So far, the West is taking a hard line in talks with Iran, responding to its concessions on its nuclear program with only modest rewards and, indeed, with new threats of sanctions. U.S. politicians, in particular, are bending to Israeli demands for either Iranian capitulation or war, a worry to ex-CIA analyst Paul R. Pillar.
By Paul R. Pillar
In looking at the state of play after a day of talks in Baghdad between Iran and the P5+1, one has to ask how much of what is impeding progress is the work of those having a stake in the negotiations failing and how much results from misunderstanding how international negotiations work.
The public picture of what transpired across the table on Wednesday is incomplete, but evidently the principal sticking point is Western refusal so far to consider any relaxation of any of the sanctions already imposed on Iran. This refusal is being maintained despite Iran having made it clear it is willing to give up enrichment of uranium to the 20 percent level, a move that would get to the heart of what ostensibly is the main Western concern about how close Iran is to a nuclear-weapons capability.
In return for this concession, the negotiators, led by the European Union’s Lady Ashton, reportedly are dangling such tidbits as spare airplane parts and fuel rods for the Iranian reactor that produces medical isotopes. While those are not quite trivial throwaways, they pale in comparison with the sanctions, the lifting of which is the main reason Iran has to negotiate.
And it is not as if incremental easing of the mountain of sanctions that have been piled up over the years would leave the P5+1 with no remaining pressure points as leverage over Iran. Far from it.
Maybe the P5+1 [the five UN Security Council members plus Germany] have something more in their pockets to reveal as talks continue. We should hope so. But as Iran has been brought to one side of table and shown increasing flexibility in recent weeks, the direction of those represented on the other side of the table — and in particular in the U.S. Congress — has been to pile on still more sanctions.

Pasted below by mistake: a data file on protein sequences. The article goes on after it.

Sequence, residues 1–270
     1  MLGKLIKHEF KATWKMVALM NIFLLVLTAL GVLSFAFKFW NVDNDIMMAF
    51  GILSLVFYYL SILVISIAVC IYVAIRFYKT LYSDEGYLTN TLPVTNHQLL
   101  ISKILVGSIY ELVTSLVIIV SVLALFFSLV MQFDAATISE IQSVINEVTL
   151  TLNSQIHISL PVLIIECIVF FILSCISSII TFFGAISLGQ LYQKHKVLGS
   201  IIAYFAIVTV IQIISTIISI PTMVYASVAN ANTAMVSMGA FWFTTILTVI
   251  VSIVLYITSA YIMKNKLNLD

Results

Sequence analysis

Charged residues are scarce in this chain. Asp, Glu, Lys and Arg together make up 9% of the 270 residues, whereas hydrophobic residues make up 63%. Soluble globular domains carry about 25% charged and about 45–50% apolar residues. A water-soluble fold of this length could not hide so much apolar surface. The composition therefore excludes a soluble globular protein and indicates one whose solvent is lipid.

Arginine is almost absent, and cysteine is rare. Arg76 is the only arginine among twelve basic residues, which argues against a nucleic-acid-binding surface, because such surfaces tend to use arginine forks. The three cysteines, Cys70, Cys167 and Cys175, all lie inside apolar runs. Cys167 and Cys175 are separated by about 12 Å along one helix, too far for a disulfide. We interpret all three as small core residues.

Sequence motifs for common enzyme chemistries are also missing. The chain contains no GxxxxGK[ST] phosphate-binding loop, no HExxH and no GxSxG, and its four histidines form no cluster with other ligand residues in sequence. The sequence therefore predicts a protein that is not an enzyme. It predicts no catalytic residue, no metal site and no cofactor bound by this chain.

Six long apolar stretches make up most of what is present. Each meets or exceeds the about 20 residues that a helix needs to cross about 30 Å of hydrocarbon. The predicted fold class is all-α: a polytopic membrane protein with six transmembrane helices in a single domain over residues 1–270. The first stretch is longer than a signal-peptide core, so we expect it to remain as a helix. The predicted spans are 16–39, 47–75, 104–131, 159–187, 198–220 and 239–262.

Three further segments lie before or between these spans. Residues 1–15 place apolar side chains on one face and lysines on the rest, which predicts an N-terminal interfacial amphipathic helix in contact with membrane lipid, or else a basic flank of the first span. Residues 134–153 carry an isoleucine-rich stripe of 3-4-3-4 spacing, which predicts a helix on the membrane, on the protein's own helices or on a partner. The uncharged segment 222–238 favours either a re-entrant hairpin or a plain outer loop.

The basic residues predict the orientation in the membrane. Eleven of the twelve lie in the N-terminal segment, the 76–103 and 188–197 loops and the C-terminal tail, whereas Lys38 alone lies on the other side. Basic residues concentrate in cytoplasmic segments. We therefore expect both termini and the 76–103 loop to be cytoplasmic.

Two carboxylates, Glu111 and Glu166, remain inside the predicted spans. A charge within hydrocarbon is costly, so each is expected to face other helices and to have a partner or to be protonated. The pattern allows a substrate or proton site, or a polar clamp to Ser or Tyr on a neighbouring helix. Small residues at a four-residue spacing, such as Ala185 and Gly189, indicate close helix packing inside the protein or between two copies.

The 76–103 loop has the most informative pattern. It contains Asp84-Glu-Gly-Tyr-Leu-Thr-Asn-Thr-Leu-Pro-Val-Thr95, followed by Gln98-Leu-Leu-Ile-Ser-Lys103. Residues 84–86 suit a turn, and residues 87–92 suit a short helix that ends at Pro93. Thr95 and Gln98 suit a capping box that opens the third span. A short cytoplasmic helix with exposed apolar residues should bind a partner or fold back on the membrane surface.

Do some of the people involved really believe that this is the way negotiations work? That rather than being give and take, it is all take and no give? That the way to induce the other side to make more concessions is to punish it when it shows flexibility?
I would not rule out that some really do have such a deeply flawed understanding of negotiations. Perhaps we are partly seeing a crude “more is better” perspective, in which it is believed that if sanctions elicited some concessions, then more sanctions are what is needed to elicit more concessions. And we have to look no farther than the House Republicans’ approach to budget issues to see an all-take-and-no-give school of negotiation in action.
On balance, however, I believe what we are seeing reflected at the conference table in Baghdad is a matter less of ignorance about negotiations than of political submission by those who know quite well what they are doing. This includes, but is not limited to, those who want the talks to fail.
The whole Iranian nuclear issue has attained the preoccupying status it has, after all, because of domestic U.S. politics and the role in those politics of a foreign government that has posited Iran’s nuclear program as the defining threat of our time. Most American politicians have come to see as politically beneficial a line according to which pressure is the only proper posture toward Iran.
Most American politicians see as politically dangerous support for any measure that could be described as making nice to Iran, regardless of how much such a measure might be necessary to achieve some other goal we supposedly are pursuing, such as avoidance of an Iranian nuclear weapon.
Possibly the non-U.S. components of the P5+1 will be able to show more flexibility than the United States, but the United States is the most important player on its side of the table, despite the E.U. chairmanship. Maybe we can hope for something more on a second day of talks. Maybe we have a better hope for something more in a second presidential term.
Paul R. Pillar, in his 28 years at the Central Intelligence Agency, rose to be one of the agency’s top analysts. He is now a visiting professor at Georgetown University for security studies. (This article first appeared as a blog post at The National Interest’s Web site. Reprinted with author’s permission.)